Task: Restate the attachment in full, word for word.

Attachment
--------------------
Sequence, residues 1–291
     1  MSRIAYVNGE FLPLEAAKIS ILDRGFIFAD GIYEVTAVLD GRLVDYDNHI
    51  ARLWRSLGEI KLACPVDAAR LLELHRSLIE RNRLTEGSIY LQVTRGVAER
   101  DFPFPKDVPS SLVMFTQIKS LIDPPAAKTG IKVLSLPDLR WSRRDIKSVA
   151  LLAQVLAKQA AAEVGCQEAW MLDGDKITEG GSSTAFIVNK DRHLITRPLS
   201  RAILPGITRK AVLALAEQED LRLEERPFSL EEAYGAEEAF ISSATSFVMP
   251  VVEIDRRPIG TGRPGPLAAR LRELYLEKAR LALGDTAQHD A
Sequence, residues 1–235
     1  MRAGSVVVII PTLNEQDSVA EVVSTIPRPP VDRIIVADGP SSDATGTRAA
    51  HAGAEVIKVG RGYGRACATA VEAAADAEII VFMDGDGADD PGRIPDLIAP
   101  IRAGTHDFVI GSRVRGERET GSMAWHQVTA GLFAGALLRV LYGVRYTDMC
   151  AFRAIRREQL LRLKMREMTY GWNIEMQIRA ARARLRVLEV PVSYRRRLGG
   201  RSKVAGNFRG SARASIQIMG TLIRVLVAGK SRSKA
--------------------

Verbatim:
Sequence, residues 1–291
     1  MSRIAYVNGE FLPLEAAKIS ILDRGFIFAD GIYEVTAVLD GRLVDYDNHI
    51  ARLWRSLGEI KLACPVDAAR LLELHRSLIE RNRLTEGSIY LQVTRGVAER
   101  DFPFPKDVPS SLVMFTQIKS LIDPPAAKTG IKVLSLPDLR WSRRDIKSVA
   151  LLAQVLAKQA AAEVGCQEAW MLDGDKITEG GSSTAFIVNK DRHLITRPLS
   201  RAILPGITRK AVLALAEQED LRLEERPFSL EEAYGAEEAF ISSATSFVMP
   251  VVEIDRRPIG TGRPGPLAAR LRELYLEKAR LALGDTAQHD A
Sequence, residues 1–235
     1  MRAGSVVVII PTLNEQDSVA EVVSTIPRPP VDRIIVADGP SSDATGTRAA
    51  HAGAEVIKVG RGYGRACATA VEAAADAEII VFMDGDGADD PGRIPDLIAP
   101  IRAGTHDFVI GSRVRGERET GSMAWHQVTA GLFAGALLRV LYGVRYTDMC
   151  AFRAIRREQL LRLKMREMTY GWNIEMQIRA ARARLRVLEV PVSYRRRLGG
   201  RSKVAGNFRG SARASIQIMG TLIRVLVAGK SRSKA